Mon | Aug 21, 2017

We are investing in Trelawny - Rhoden

Published:Tuesday | September 20, 2016 | 9:00 AMChristopher Thomas
Shellion Rhoden (right), business manager of Falmouth Jamaica Land Company Limited (FJLCL), pose with students of Falmouth All-Age School, and their principal, Colin Campbell, during the recent unveiling of the school's new sign. FJLCL and its parent company Royal Caribbean Cruises Limited, donated the sign.

Shellion Rhoden, the business manager of Falmouth Jamaica Land Company Limited (FJLCL), operators of the Falmouth cruise ship pier, says contrary to the views of several prominent stakeholders in the resort town, her organisation is playing its part in the development of the wider community.

According to her, since the pier came into operation in 2011, the FJLCL, without much fanfare, has been involved in several charitable activities to include the annual Christmas treat put on by the mayor of Falmouth, the donation of books to the Trelawny Parish Library and schools in the parish; and the offering of scholarships to gifted students.

"We feel that we are doing as much as we can, and we will continue to do so ... we will always be investing in the country ... we are not going anywhere," said Rhoden, in a recent interview with Western Focus. "We have made a significant investment in the country, and we want to give back to Trelawny."

Within recent times, stakeholders such as Falmouth's mayor, Councillor Garth Wilkinson; and the Jamaica Labour Party's (JLP) caretaker for North Trelawny, Dennis Meadows, have both expressed disappointment with the lack of tangible cruise shipping benefits to the town.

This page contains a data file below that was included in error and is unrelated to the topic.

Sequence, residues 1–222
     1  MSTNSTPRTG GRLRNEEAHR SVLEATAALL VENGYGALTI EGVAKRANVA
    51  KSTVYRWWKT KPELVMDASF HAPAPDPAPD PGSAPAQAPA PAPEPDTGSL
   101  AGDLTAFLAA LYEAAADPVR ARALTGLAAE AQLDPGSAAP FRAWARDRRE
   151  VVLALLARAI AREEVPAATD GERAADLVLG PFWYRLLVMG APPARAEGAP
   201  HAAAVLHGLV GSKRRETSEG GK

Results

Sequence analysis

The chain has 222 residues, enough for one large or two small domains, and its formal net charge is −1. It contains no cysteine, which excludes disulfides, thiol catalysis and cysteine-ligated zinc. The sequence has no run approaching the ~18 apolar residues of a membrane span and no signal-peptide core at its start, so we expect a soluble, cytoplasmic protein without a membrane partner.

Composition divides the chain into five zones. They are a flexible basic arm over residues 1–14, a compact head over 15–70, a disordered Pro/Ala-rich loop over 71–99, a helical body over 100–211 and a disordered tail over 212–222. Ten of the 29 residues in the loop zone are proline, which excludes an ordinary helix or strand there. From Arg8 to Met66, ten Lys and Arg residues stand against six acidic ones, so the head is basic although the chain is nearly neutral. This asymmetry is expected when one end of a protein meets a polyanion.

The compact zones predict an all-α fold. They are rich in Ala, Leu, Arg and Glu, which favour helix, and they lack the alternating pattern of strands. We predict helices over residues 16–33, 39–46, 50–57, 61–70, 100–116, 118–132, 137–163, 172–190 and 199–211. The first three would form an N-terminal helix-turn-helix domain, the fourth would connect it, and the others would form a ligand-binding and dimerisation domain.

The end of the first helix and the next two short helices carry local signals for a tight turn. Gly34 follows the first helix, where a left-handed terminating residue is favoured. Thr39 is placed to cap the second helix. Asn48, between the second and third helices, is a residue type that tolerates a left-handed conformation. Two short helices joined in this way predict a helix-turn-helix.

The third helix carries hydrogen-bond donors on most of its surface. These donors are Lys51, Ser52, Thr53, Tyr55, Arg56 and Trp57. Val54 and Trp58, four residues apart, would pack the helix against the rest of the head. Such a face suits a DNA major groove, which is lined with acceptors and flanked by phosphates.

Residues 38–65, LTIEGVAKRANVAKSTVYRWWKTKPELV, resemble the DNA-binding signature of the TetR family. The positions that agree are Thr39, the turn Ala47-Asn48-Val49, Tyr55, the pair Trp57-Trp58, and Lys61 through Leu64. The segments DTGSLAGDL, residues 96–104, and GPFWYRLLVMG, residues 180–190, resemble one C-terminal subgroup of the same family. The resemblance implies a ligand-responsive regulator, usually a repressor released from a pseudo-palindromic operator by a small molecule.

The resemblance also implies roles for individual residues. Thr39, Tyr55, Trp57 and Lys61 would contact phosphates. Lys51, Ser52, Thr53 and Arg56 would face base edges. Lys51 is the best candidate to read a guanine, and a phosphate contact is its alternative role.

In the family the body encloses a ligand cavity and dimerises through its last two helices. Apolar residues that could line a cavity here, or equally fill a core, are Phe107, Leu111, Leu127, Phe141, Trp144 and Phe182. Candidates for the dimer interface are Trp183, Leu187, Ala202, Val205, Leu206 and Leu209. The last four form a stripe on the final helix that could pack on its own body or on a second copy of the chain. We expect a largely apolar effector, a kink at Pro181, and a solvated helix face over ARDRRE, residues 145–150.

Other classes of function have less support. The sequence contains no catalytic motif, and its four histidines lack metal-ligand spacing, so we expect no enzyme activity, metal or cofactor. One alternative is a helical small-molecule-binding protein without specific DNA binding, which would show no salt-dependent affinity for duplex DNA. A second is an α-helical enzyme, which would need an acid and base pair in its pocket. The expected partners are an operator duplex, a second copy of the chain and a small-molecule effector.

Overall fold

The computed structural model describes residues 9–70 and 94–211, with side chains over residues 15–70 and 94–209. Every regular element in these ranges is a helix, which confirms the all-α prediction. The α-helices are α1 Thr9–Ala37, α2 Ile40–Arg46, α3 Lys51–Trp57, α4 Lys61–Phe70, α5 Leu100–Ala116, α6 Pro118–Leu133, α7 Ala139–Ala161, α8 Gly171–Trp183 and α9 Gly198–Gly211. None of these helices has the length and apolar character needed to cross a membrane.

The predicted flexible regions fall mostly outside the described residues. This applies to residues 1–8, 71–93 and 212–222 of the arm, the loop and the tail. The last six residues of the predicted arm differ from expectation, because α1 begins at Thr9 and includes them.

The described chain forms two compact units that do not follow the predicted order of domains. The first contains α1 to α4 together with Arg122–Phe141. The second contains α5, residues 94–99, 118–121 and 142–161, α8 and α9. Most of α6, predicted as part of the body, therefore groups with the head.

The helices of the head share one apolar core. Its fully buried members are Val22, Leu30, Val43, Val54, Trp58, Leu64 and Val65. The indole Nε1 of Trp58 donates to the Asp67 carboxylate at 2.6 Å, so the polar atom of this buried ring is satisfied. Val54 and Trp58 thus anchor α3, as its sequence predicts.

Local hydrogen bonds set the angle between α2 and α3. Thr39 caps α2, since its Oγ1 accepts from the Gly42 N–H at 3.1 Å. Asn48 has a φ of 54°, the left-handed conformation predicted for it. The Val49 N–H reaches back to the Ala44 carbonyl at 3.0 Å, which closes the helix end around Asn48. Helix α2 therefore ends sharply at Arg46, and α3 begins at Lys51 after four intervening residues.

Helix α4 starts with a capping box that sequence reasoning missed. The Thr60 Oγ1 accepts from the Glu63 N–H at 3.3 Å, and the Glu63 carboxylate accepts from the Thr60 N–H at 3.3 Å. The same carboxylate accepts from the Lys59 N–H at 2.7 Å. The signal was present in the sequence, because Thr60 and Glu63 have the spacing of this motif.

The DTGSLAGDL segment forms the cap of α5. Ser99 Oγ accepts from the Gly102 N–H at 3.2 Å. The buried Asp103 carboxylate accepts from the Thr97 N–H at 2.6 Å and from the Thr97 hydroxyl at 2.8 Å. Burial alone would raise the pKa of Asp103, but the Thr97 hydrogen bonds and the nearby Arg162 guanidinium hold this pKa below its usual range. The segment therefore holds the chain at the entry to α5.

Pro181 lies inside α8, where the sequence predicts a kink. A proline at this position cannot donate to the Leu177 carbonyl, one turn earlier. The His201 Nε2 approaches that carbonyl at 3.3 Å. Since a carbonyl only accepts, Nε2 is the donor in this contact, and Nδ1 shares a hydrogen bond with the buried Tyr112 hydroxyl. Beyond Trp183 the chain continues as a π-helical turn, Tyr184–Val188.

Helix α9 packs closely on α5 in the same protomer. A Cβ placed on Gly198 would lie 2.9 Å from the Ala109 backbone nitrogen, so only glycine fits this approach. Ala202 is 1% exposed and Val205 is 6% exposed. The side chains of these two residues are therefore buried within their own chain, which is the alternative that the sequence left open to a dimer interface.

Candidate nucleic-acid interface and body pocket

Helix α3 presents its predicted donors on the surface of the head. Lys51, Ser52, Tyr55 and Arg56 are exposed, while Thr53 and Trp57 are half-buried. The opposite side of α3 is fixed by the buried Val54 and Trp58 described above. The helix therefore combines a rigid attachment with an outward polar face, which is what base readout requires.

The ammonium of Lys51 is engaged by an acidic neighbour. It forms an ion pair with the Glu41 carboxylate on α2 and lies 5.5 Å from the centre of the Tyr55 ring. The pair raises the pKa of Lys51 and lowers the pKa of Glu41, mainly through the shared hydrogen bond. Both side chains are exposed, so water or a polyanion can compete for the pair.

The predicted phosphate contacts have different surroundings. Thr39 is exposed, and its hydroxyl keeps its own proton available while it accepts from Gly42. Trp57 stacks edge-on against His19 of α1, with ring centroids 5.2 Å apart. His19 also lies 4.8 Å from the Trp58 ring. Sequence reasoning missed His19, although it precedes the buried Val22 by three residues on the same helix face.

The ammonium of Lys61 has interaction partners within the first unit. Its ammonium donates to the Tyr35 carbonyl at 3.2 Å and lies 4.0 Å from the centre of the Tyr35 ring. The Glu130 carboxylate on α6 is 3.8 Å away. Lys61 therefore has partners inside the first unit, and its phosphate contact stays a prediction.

INCONSEQUENTIAL BENEFITS

 

Two years ago, seemingly frustrated that cruise shipping was not delivering on the lofty promises that were made when it was first conceptualised, Wilkinson stated that, except for possibly craft vendors, the spin-offs to Falmouth were all but inconsequential.

"We must admit that apart from our craft vendors and a few other locations, none of our businesses have changed to cater for our visitors," Wilkinson. "We have wasted a lot of time, energy and money in the past, but it has got us nowhere; it is more than time that we change the way we do business."

In speaking to the general disappointment of the residents of the Falmouth, who have long cherished hopes that the operations at the cruise pier would have had a transformational effect on their lives, Meadows said the situation has led to much disenchantment.

"The cruise ship pier was seen as a catalyst for development in Falmouth; it is yet to realise the promise of the much-heralded plans of improving the lives of the people," said Meadows. "There is now a level of disenchantment that is pervading the psyche of the people as a consequence of that disappointment."

However, with gestures such as its recent $100,350 scholarship donation to former Hague Primary student Tyreece Terry, who passed his Grade Six Achievement Test to attend Munro College; and the $242,867.50 awarded to Roscheika Spencer, a modern language student at Sam Sharpe Teachers' College, Rhoden thinks the FJLCL, which is owned by Royal Caribbean Cruises Limited, is making a positive contribution to Trelawny.

"Royal Caribbean is an investor in Jamaica, and we will be here for a long time to come ... . We built the port, and we are obviously not going anywhere," said Rhoden. "We want to ensure that the community is happy and is benefiting from our existence in Jamaica."